I’m clearly on record as being a strong advocate for always telling the truth on one’s résumé, as well as when making any other statements or claims about one’s work history. (See Go Ask Brian: ‘Fudging’ Résumé Risky.) But in my opinion, the latest “scandal” involving VA Secretary Robert McDonald merely rises to the level of a “tempest in a teapot.”
If you happen to be one of the three or four Americans who may not be familiar with the latest “scandal” surrounding the new VA Secretary, here is a brief recap:
While conducting a nationwide count of homeless veterans, McDonald and his staff visited a rundown neighborhood in Los Angeles in January. He asked one of the veterans he encountered there what unit he had served in and the veteran told McDonald he had served in Special Forces. “Special Forces? What years? I was in Special Forces!” McDonald responded.
McDonald’s statement was later proven to be technically false, and he quickly acknowledged that fact and apologized for his misstatement. His admission of misstating a fact about his service and his subsequent apology, however, were not perceived as quite adequate by either the media or some veteran groups, particularly veteran organizations such as Stolen Valor, which monitors and reports upon false statements and/or claims people make about military service.
To clarify, U.S. Military “Special Forces” are usually considered to consist of the following:
- U.S. Army Rangers
- U.S. Army Delta Force
- U.S. Army Special Forces (“Green Berets”)
- U.S. Navy SEALs
- U.S. Marine Corps Force Recon
OH, WHAT A DIFFERENCE PHRASEOLOGY MAKES
Although McDonald completed the extremely challenging U.S. Army Ranger course and earned the coveted “Ranger Tab,” he never actually served in the U.S. Army Rangers, so his statement about being in Special Forces was indeed technically incorrect. The bulk of McDonald’s U.S. Army service was in the 82nd Airborne Division, certainly not exactly a military unit for the faint of heart by any stretch of the imagination, but admittedly, not officially classified as one of the Special Forces.
Here is the irony in all of this, as far as I’m concerned: Had McDonald said something like, “I qualified to be in Special Forces (by virtue of his having completed the U.S. Army Ranger Course), though I never actually served with them,” the story of this “scandal” would never have seen the light of day.
MCDONALD SERVED, CONTINUES TO SERVE, HONORABLY
I believe McDonald did the honorable thing, by quickly and completely taking responsibility for his misstatement of fact and offering a sincere apology to those whom he may have offended or who may have construed his statement as being intentionally misleading. (I don’t believe it was intentional.)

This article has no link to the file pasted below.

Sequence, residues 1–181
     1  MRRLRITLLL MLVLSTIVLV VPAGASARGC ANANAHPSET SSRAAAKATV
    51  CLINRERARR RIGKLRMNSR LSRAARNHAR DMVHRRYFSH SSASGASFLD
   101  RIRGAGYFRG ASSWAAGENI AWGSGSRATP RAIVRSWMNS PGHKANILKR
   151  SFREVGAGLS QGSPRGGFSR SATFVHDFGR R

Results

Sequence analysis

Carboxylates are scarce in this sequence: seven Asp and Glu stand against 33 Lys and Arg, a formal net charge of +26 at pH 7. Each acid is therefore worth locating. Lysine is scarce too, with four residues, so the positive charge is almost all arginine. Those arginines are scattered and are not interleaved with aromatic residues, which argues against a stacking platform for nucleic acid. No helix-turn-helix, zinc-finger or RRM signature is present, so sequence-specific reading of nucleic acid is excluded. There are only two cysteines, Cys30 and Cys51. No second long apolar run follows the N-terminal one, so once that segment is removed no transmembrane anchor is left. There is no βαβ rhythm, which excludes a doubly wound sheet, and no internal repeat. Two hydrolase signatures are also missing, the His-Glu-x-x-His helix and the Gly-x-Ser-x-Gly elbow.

Secretary McDonald certainly has nothing to apologize for when it comes to his service to our country. After graduating from the U.S. Military Academy at West Point in 1975, he served for five years in the U.S. Army as a commissioned officer, primarily in the 82nd Airborne Division, before resigning his commission. While a member of the 82nd Airborne, he qualified as a senior parachutist and airborne jumpmaster, no mean accomplishments.
Following his military service, McDonald had a long and successful career at consumer products giant Procter & Gamble, retiring as Chairman, President and Chief Executive Officer. He accepted the administration’s nomination last year to serve as VA Secretary, replacing General Eric Shinseki, who resigned amid reports of an organization in apparent chaos and even suspected malfeasance.
VA, OUR COUNTRY NEED PEOPLE LIKE MCDONALD TO SERVE
I believe—and hope that those of you reading this post also believe!—that our country and the VA desperately need people like Robert McDonald to serve. I mean, after all, at this stage of his life, after a long and very successful career in the private sector, did he really need the potential hassle and microscopic focus that usually comes with public service these days? Yet he accepted the challenge and willingly entered the lion’s den because he had a strong desire to once again serve our country and its military veterans.
Since he has taken the reins of the VA the morale of both VA employees and the veterans they serve has improved significantly and substantively. The VA certainly is not quite perfect yet, but it is improving across a number of important programs and initiatives, as attested by the other half of my editorial team, Michael Garee, a disabled U.S. Marine Corps veteran of the Vietnam War and someone who has interacted, and continues to interact, regularly with the VA.
Many veteran groups have already agreed to give Secretary McDonald the benefit of the doubt, accept his sincere apology, and move beyond this issue, in order to address far more important and crucial issues faced by our country and the VA. I believe the rest of us Americans should do no less.
What are your thoughts on this issue?
FULL DISCLOSURE: I graduated from West Point one year later than McDonald, in 1976, although I never had the pleasure of meeting him while there.
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